Hans-Emil Schuster

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Hans-Emil Schuster
Hans-Emil Schuster.tif
Hans-Emil Schuster (2011)
Born (1934-09-19) September 19, 1934 (age 79)
Hamburg, Germany
Occupation Astronomer
Nationality German

Hans-Emil Schuster (born September 19, 1934 in Hamburg) is a German astronomer who retired in October 1991. He worked at Hamburg Observatory at Bergedorf and European Southern Observatory (ESO), and was former acting director of La Silla Observatory. Since 1982, he was married to Rosemarie Schuster née von Holt (March 28, 1935 - September 18, 2006)

He discovered periodic comet 106P/Schuster. He also discovered the comet C/1976 D2 (in the contemporary nomenclature, it was known as Comet 1975 II or 1976c), which was notable for its large perihelion distance of 6.88 AU [1] [2], the largest yet observed at the time.

He discovered 25 asteroids, including notably the Apollo asteroid 2329 Orthos and the Amor asteroids 2608 Seneca, 3271 Ul, 3288 Seleucus, and 3908 Nyx. He discovered the near-Earth asteroid 161989 Cacus, which was lost and not recovered until 2003.

Schuster participated in the exploration, selection and testing of the sites of two ESO observatories: La Silla Observatory and Paranal Observatory (the latter is the VLT site).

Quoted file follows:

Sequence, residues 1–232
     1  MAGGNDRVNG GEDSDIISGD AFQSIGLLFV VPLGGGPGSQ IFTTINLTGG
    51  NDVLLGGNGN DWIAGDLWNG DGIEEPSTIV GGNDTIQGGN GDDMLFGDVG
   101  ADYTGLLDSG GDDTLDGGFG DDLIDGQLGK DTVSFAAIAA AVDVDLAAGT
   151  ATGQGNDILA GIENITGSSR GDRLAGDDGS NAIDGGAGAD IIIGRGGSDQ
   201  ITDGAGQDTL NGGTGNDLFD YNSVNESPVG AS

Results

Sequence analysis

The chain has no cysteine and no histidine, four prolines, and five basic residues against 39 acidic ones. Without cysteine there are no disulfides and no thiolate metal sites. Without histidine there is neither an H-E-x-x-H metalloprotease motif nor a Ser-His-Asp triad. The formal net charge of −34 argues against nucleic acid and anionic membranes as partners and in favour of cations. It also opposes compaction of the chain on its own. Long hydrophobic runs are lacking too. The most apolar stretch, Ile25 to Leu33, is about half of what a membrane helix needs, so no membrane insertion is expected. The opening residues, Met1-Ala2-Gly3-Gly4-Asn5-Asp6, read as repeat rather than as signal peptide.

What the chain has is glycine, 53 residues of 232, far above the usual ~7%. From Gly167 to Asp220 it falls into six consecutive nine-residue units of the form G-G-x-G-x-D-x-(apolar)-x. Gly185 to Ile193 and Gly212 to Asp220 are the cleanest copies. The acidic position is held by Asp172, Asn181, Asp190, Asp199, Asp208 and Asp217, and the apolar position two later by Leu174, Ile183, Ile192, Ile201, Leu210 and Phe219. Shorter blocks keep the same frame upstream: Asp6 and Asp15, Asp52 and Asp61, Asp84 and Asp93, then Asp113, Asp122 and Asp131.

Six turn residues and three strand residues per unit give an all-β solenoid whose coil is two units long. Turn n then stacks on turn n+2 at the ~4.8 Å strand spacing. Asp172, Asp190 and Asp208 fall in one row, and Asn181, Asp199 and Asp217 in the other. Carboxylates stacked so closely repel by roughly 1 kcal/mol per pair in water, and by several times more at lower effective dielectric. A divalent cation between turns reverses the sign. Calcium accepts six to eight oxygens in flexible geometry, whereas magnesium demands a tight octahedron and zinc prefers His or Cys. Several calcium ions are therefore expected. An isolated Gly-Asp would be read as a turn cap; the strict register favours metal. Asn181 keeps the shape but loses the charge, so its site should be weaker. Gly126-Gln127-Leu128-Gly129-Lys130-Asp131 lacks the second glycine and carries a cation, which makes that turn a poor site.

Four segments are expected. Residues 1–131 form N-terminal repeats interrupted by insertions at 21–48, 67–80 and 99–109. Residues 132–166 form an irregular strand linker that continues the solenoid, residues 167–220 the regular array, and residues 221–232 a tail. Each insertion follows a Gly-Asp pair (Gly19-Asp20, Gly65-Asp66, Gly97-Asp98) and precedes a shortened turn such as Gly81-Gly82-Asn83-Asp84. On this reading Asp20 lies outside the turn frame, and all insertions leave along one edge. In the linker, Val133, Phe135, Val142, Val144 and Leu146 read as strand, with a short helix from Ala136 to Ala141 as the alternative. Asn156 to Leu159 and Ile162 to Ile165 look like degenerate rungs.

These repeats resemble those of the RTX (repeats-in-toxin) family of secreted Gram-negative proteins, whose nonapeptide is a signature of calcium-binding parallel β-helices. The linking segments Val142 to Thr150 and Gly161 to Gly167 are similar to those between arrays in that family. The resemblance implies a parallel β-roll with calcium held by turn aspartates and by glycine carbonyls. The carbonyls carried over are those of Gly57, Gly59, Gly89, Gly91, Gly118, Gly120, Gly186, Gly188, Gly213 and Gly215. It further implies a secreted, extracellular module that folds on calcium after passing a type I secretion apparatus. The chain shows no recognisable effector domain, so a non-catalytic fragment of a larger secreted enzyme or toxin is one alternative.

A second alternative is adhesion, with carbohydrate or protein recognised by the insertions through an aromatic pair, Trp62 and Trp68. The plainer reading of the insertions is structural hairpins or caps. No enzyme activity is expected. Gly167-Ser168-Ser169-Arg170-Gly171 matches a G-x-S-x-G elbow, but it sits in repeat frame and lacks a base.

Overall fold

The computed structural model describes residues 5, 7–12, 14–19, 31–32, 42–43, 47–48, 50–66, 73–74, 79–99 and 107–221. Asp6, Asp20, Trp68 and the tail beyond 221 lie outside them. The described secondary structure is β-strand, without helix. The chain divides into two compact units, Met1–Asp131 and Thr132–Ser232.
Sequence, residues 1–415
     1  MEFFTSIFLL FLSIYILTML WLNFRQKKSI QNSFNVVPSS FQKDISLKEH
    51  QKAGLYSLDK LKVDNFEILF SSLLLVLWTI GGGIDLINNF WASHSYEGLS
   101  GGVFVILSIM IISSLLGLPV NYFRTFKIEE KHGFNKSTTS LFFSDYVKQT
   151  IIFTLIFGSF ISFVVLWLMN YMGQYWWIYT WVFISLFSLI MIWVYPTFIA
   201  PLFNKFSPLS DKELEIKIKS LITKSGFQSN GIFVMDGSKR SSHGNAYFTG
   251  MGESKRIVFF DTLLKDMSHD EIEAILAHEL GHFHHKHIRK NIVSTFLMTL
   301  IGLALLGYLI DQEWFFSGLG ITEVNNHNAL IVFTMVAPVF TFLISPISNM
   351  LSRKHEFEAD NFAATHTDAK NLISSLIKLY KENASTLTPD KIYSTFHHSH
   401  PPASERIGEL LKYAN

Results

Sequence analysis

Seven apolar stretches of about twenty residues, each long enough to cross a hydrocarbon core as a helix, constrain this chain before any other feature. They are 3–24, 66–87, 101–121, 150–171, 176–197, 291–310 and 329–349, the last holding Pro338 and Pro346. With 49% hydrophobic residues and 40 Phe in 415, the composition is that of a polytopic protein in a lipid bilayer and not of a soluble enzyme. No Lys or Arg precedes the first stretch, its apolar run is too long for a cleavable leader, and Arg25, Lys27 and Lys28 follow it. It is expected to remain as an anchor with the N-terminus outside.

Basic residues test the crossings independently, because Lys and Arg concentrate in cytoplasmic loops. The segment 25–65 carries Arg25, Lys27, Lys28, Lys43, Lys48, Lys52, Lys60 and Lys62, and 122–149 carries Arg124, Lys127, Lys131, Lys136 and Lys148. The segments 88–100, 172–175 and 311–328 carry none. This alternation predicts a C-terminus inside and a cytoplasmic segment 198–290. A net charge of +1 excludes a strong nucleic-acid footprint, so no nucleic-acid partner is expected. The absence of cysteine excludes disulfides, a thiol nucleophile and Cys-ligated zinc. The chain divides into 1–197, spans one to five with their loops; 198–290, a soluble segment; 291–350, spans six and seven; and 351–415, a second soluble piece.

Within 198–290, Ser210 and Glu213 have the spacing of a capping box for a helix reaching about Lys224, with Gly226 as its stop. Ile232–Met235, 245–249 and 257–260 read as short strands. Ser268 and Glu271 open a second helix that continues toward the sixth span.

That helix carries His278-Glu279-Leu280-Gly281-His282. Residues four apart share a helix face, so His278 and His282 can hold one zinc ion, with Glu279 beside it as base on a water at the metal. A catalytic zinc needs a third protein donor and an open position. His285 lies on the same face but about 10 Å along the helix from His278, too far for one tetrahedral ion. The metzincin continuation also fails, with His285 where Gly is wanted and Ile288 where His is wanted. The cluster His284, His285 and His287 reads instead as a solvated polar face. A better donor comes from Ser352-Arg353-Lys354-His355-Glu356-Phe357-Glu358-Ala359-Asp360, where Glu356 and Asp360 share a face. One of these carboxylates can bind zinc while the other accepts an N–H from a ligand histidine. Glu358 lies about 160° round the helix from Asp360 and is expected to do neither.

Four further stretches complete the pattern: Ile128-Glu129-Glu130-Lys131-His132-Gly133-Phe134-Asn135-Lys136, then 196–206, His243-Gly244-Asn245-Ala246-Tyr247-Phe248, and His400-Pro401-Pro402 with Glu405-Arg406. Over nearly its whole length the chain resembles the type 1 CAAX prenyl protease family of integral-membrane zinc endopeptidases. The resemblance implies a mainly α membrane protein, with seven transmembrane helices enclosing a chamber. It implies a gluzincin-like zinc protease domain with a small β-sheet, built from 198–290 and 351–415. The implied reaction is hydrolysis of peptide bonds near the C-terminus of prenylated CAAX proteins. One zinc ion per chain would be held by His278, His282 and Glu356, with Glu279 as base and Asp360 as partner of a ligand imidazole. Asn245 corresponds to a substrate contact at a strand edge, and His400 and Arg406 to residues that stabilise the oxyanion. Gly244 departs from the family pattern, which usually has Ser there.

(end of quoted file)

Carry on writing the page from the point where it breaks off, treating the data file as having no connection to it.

He also participated in two ESO Southern Sky Surveys: the ESO-B survey ("Quick-Blue Survey") completed in 1978 was the first deep optical survey of the southern sky; and the "Red Sky Survey". Photographic plates were taken with the ESO's 1-meter Schmidt Telescope at La Silla.

He co-discovered the Phoenix Dwarf galaxy (with Richard M. West), and in 1976 also discovered the Eridanus Globular Cluster, one of the most distant globular clusters in the galactic halo. In 1980, he discovered a type-II supernova in the galaxy NGC 1255. However, "Schuster's Spiral" (Horologium Dwarf) is not named after him, but a different Schuster.

The asteroid 2018 Schuster was named in his honour. On 21 October 2011 he was awarded the rank of Commander of the Order of Bernardo O'Higgins in recognition of his important contribution to astronomy in Chile.

Asteroids discovered: 25
2105 Gudy February 29, 1976
2234 Schmadel April 27, 1977
2275 Cuitlahuac June 16, 1979
2329 Orthos November 19, 1976
2608 Seneca February 17, 1978
3266 Bernardus August 11, 1978
3271 Ul September 14, 1982
3288 Seleucus February 28, 1982
3398 Stattmayer August 10, 1978
3496 Arieso September 5, 1977
3908 Nyx August 6, 1980
4761 Urrutia August 27, 1981
6163 Reimers March 16, 1977
6261 Chione November 30, 1976
6847 Kunz-Hallstein September 5, 1977
7215 Gerhard March 16, 1977
10454 Vallenar July 9, 1978
10669 Herfordia March 16, 1977
11001 Andrewulff June 16, 1979
11789 Kempowski September 5, 1977
12211 Arnoschmidt May 28, 1981
26074 Carlwirtz October 8, 1977
46514 Lasswitz May 15, 1977
73640 Biermann September 5, 1977
161989 Cacus February 8, 1978